22 Mean Field Effects Various generalizations of the Preisach formalism have been proposed. The most important of these are mean field models, according to which the excitation fields α and β of each TLS vary in proportion to the total induced moment M of the system as follows: (α, β) (α - km, β - km) where k ( >0 or <0 ) is the mean field parameter. This generates a global shift of the entire Preisach density parallel to the H s -axis: ρ(h d,h s ) ρ (H d, H s + km) This is equivalent to assuming that the Preisach density ρ(h d,h s ) is stationary, and that each TLS experiences an effective magnetizing field H eff = H a + km. The model will exhibit return point memory and congruency with respect to the effective field H eff, but not with respect to the applied field H a.
23 The hysteresis loop M(H a ) is obtained from the loop M(H eff ) by a skew transformation, and minor loops exhibit skew congruency when plotted as a function of H a. M=H eff /k (H a =0)
24 When mean field effects are present, the FORC distribution is no longer proportional to the Preisach density, and FORC contours are distorted with respect to Preisach contours: k=0 k=+6 (Pike et al., J. Appl. Phys., Vol.85, p6660, 1999 with lognormal dissipation distribution and Gaussian bias distribution)
25 Temperature, Time, and Superparamagnetism The physical origin of the temperature dependence of the magnetic response is potentially two-fold : (a) explicit modifications of the free energy landscape, and hence of the spectrum of metastable state excitation barriers, with temperature, and (b) thermal fluctuations, which reduce all energy barriers by the time dependent thermal fluctuation energy W T = kt ln(t exp /τ 0 ), and which drive the system towards equilibrium. We thus assume that the system can be characterized at each temperature T by a set of intrinsic metastable state excitation barriers, which define the characteristics of the irreversible response in the hypothetical limit where all changes in temperature or field are accomplished instantaneously. Thermal fluctuations then distort the magnetic response with respect to this ideal limit by introducing a dependence on measuring time, and hence on sweep rate. The relationship between these two temperature dependences, for a system with a critical ordering temperature T c, can be illustrated as follows:
26 In the "fast' limit, the magnetic response is dissipation-dominated, while in the "slow" limit, it is fluctuation-dominated. The Preisach model predicts the following temperature dependences for the field cooled (FC) moment and the zero field cooled (ZFC) moment in these two limits:
27 In the fluctuation-dominated regime, the hysteresis loop exhibits wasp-waisting" at higher temperatures: When thermal fluctuations are incorporated into the Preisach formalism, the model continues to exhibit return point memory and congruency. Thus, it is still possible to extract a Preisach density from FORCs. However, it must be emphasized that this procedure yields, not the original "intrinsic" Preisach density ρ(h d,h s ), but rather an effective Preisach density ρ eff (H d,h s ) which defines an effective set of excitation barriers which reproduce all of the characteristics of the original model hysteresis loop. In this case,
28 FORC diagrams will not yield an image of the intrinsic Preisach elements (individual particles, clusters of particles, domain wall pinning sites). (Pike et al., Geophys. J. Int., Vol.145, p721, 2001)
29 Are bias fields H s a measure of interactions? measurements of the FC and ZFC moment of polymer suspensions of γ-fe 2 O 3 particles ( Prene at al., IEEE Trans. Magn., Vol.29, p.2658, 1993) Preisach simulations of the FC and ZFC moment of a fluctuation-dominated system with different dispersions σ s of bias fields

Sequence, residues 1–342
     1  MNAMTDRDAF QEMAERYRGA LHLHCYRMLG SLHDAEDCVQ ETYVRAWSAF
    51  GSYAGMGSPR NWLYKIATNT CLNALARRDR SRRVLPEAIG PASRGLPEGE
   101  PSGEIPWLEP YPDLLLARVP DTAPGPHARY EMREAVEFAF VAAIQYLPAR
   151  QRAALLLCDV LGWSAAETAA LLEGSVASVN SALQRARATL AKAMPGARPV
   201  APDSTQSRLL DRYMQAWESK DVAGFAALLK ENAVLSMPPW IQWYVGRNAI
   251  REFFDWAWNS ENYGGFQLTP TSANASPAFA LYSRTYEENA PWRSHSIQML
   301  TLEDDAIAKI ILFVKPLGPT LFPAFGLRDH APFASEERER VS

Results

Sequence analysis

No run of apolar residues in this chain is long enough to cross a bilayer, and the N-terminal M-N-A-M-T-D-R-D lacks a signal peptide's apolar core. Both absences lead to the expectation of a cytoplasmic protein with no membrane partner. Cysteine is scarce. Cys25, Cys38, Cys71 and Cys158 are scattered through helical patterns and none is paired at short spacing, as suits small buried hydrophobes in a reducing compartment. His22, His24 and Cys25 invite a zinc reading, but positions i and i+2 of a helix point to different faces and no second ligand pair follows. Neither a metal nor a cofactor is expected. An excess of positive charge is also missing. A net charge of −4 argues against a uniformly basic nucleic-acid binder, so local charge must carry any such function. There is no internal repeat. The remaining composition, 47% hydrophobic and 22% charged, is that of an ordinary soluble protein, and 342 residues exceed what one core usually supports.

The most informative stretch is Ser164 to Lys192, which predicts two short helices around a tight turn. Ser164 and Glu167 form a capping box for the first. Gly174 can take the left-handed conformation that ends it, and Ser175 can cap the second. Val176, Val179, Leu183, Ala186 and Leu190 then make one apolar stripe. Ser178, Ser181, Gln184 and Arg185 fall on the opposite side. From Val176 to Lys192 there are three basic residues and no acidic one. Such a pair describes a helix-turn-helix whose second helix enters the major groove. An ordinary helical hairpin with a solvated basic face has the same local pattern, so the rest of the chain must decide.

30 Concluding Thoughts FORC diagrams have been proposed as a sensitive diagnostic tool for characterizing and interpreting the hysteresis properties of magnetic materials, which are not constrained by the "artificial" physical postulates and mathematical structure of the Preisach formalism, and which are capable of identifying interparticle interaction effects, of discriminating between single domain, multidomain, and superparamagnetic grains in particle assemblages, and of recognizing and quantifying specific moment reversal mechanisms (DW pinning, vortex annihilation and nucleation,...) the program involves constructing model hysteresis nonlinearities based on "microscopic" physical pictures, cataloguing their structural signatures in a FORC diagram, and then searching for these features in measured FORC diagrams FORC diagrams also play a pivotal role in the Preisach formalism where, under certain conditions, they provide an undistorted image of the Preisach spectrum of characteristic energies ρ(h d,h s )
31 however, the formalism is not limited to this simple correspondence, and generalizations have been proposed which retain the conceptual simplicity and symmetry and mathematical integrity of the original model, while predicting FORC contours which are distorted with respect to the Preisach contours, and which simulate intricate structural features observed in measured FORC diagrams furthermore, the TLS substructure of the Preisach formalism has the flexibility to transcend simple field histories, and to unite hysteresis and thermal effects into a common framework which can model the field and temperature dependence of a variety of standard experimental protocols and response functions, like the field cooled (FC) moment, the zero field cooled (ZFC) moment, the TRM, and the IRM. all FORC based identifications of interaction effects are Preisach based, in the sense that these interpretations rely exclusively on the Preisach TLS structure
32 similarly, all FORC based identifications of SD and SP behaviour are Preisach based the language of FORC diagrams is implicitly TLS language, since the representation is always in terms of two characteristic fields, and in this sense, the entire construction implies some sort of decomposition into bistable entities many physically motivated generalizations of the Preisach formalism have been proposed (TLS's with a more refined free energy profile and with energy barriers which are nonlinear functions of H a, applied field dependent and magnetization dependent Preisach densities, vector models), and their implications for FORC diagrams have yet to be explored in detail.
FIRST-ORDER REVERSAL CURVE (FORC) DIAGRAMS Adrian R. Muxworthy* and Andrew P. Roberts School of Ocean and Earth Science, National Oceanography Centre, European Way, University of Southampton, Southampton,